You must itemize on Form 1040, Schedule A to deduct qualifying medical and dental expenses.
Only the amount that exceeds 7.5% of your adjusted gross income (“AGI”) for the year can be deducted.
Expenses must have been paid in the year for which the return is being filed, regardless of when services were provided.
You will need to have good receipts or records to substantiate your expenses.
Expenses reimbursed not deductible
Medical expenses reimbursed to you or directly to the doctor or hospital cannot be deducted.
Whose expenses are deductible
You may deduct qualified medical expenses paid for:
- your spouse and
- your dependents.
Some exceptions and special rules apply to divorced or separated parents, taxpayers with a multiple support agreement, or those with a qualifying relative who is not your child.
You can deduct expenses:
- primarily paid for diagnosis, cure, mitigation, treatment or prevention of disease
- treatment affecting any structure or function of the body
- prescription medication and insulin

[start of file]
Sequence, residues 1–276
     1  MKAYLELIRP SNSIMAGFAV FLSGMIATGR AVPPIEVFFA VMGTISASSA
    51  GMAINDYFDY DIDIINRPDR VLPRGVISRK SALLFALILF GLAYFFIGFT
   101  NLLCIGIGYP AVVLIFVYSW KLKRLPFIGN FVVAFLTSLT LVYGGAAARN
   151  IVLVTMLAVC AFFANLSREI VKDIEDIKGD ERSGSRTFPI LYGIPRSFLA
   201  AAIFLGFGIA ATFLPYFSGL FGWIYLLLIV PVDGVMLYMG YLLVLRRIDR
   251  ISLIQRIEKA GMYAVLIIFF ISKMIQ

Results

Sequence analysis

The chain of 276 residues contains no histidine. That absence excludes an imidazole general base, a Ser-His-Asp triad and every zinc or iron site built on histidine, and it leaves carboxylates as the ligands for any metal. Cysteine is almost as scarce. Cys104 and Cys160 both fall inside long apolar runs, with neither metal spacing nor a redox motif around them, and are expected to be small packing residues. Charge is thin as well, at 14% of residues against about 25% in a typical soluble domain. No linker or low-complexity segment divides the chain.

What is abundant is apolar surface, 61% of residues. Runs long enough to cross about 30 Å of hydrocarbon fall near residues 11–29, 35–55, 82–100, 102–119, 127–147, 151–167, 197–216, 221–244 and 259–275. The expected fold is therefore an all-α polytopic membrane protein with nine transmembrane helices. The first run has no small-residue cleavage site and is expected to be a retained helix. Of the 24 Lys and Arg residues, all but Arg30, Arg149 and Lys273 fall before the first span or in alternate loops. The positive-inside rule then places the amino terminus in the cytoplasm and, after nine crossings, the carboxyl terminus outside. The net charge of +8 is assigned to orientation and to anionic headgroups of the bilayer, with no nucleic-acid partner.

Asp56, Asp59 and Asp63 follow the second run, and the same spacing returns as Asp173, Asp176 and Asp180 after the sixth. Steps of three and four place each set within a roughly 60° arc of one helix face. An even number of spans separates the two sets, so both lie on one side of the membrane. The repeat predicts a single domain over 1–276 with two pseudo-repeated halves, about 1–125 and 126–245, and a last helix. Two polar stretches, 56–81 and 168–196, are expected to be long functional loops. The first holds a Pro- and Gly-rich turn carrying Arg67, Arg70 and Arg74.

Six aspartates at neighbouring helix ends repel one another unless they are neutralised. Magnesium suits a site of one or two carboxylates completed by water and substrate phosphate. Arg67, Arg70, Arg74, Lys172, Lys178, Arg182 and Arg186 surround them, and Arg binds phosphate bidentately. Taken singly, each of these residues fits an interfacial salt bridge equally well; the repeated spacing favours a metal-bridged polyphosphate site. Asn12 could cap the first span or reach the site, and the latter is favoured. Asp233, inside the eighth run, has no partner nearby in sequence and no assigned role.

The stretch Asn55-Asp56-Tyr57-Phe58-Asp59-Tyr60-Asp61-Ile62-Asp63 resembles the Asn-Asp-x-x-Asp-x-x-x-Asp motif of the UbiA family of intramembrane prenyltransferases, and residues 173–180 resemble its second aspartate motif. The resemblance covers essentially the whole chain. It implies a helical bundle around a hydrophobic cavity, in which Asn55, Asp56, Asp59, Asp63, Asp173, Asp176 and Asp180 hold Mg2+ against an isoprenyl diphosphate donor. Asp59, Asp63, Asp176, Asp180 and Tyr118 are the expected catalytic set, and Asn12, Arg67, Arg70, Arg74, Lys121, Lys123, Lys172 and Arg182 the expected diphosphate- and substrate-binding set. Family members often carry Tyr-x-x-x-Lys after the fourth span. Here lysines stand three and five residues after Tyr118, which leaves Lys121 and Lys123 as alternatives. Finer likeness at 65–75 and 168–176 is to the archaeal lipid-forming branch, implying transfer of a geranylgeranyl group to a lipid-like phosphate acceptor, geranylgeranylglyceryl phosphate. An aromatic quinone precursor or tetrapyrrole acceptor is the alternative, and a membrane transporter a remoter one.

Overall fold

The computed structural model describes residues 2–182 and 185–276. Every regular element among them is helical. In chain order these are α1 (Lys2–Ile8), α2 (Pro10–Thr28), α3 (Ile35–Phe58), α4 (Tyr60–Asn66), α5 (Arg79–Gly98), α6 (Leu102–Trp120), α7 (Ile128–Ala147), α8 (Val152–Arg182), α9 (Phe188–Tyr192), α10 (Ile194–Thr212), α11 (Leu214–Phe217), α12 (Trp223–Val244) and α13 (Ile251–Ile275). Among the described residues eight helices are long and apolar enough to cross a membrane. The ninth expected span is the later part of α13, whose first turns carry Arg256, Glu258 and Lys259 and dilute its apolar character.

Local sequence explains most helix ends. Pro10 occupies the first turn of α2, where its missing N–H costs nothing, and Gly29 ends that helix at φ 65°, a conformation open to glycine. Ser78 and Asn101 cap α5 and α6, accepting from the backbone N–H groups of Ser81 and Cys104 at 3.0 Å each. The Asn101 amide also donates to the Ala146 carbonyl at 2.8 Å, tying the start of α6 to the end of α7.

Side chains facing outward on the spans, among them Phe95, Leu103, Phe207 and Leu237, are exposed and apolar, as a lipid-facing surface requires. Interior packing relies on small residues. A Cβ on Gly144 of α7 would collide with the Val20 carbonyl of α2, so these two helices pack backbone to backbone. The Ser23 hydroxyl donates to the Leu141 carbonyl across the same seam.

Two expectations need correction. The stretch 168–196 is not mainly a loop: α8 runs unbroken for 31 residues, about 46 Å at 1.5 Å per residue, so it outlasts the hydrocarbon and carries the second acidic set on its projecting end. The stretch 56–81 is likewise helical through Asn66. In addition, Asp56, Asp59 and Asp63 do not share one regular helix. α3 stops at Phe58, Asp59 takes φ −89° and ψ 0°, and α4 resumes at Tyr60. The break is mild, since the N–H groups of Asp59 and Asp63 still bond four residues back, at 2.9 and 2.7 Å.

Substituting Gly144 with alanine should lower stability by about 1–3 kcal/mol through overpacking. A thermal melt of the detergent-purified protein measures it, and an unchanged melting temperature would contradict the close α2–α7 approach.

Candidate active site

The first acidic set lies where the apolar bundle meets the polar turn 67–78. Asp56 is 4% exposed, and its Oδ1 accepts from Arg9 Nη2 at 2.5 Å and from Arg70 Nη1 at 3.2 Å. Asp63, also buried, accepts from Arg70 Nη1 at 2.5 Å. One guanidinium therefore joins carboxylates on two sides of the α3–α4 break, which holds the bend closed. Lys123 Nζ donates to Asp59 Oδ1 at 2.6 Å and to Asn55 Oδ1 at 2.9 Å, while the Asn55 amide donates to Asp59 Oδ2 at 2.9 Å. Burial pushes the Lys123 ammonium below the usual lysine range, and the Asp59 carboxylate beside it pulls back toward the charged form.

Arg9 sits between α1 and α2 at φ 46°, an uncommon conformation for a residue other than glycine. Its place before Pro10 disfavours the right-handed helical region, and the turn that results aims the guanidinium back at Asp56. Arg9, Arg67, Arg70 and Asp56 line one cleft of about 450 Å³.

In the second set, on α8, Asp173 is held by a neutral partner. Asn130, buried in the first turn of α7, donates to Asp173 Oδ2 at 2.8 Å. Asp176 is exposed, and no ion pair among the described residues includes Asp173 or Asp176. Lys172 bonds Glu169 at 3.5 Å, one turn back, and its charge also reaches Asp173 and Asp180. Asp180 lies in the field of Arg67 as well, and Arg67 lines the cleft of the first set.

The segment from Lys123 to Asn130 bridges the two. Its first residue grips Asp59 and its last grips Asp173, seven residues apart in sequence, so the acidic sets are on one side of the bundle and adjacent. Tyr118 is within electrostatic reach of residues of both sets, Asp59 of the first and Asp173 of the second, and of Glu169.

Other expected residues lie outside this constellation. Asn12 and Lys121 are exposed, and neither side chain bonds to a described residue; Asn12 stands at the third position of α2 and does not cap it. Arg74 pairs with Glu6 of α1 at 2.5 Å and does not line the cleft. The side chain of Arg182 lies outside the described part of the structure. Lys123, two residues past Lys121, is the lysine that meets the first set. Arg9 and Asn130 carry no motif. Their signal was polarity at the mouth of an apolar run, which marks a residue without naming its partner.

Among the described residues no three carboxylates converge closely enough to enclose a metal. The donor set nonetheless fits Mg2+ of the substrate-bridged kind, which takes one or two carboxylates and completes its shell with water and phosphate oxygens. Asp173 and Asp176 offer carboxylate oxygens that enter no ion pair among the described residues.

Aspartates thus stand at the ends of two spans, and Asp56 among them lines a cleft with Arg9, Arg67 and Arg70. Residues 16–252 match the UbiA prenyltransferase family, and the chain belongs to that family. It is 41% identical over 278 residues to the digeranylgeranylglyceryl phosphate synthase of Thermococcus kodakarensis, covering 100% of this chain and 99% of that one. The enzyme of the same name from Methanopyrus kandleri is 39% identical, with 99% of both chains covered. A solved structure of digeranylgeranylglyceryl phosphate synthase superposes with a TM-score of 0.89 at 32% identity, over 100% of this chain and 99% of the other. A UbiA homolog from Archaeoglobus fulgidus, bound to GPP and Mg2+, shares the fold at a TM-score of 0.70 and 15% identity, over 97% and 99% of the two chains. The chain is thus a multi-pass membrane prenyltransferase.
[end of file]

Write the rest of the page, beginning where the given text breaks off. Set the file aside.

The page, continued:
- premiums for medical, dental insurance
- some long-term care insurance, and
- starting in 2011, lactation supplies.
You may deduct transportation costs primarily for and essential to medical care that qualifies as medical expenses, including:
- the actual fare for a taxi, bus, train, plane or ambulance
- tolls and parking fees, and
- for use of your automobile, based on:
- actual out-of-pocket car expenses such as gas and oil, or
- the standard mileage rate for medical expenses, which is 19¢ per mile for 2011.
Tax-favored saving for medical expenses
Distributions from Health Savings Accounts and withdrawals from Flexible Spending Arrangements may be tax free if used to pay qualified medical expenses, including prescription medication and insulin.
For additional information see :
- Publication 502, Medical and Dental Expenses
- Publication 969, Health Savings Accounts and Other Tax-Favored Health Plans,
both available at www.irs.gov, or by calling 800-TAX-FORM (800-829-3676).